Safety has been getting an unexpected boost at some facilities that, in the past, did not seem so committed to a proactive safety approach. Old school employers are unexpectedly adopting many of the processes, terminology and tactics of the safety profession.
It's not driven by a sudden safety epiphany, but just the same, it's happening. In spite of the absence of useful help from our federal government, these facilities have found new tactics to compete with the unfair monetary policies and substandard wages of China, and assaults by other Third World competitors. Lean Manufacturing, a phrase that wraps up many modern philosophies in one term, has become important at these facilities. Improved efficiency, productivity, profitability and, yes, accident prevention are the results. Safety professionals need to be aware of the cultural shift towards Lean, the resulting opportunities, and how to exploit their possible roles in the future.
Eliminate the Waste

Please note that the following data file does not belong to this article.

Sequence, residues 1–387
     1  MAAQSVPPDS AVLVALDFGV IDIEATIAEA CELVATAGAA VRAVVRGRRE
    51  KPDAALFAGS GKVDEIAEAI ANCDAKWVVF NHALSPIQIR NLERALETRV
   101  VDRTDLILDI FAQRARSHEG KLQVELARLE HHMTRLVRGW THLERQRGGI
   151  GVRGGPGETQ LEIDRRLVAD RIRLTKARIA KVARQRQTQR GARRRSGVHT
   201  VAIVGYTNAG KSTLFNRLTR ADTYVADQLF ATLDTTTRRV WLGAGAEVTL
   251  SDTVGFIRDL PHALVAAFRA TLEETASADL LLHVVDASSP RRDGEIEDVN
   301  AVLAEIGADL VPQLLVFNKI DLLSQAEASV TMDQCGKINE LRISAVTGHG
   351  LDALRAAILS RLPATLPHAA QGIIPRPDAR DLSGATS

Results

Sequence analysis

In case you haven't heard of it, Lean means more than pinching pennies (some of my clients say, "We have been working lean for 70 years!".... Whoa, wait a minute, there's a substantial difference!). In Lean, the goal is to eliminate anything not essential to the process. The goal of Lean Manufacturing is to eliminate the seven wastes of Lean overproduction, unnecessary motion, inventory, waiting, transportation, defects, underutilized people and extra unnecessary processing.
Cutting these wastes becomes an over-riding philosophy in Lean operations. In practice, this means a cultural shift towards reducing the seven wastes using a 5-step thought process proposed by James Womack and Dan Jones in their 1996 book, Lean Thinking, to guide managers through a lean transformation. The steps are:
1. Specify value from the standpoint of the end customer.
2. Identify all the steps in the value stream.
3. Make the value-creating steps flow toward the customer.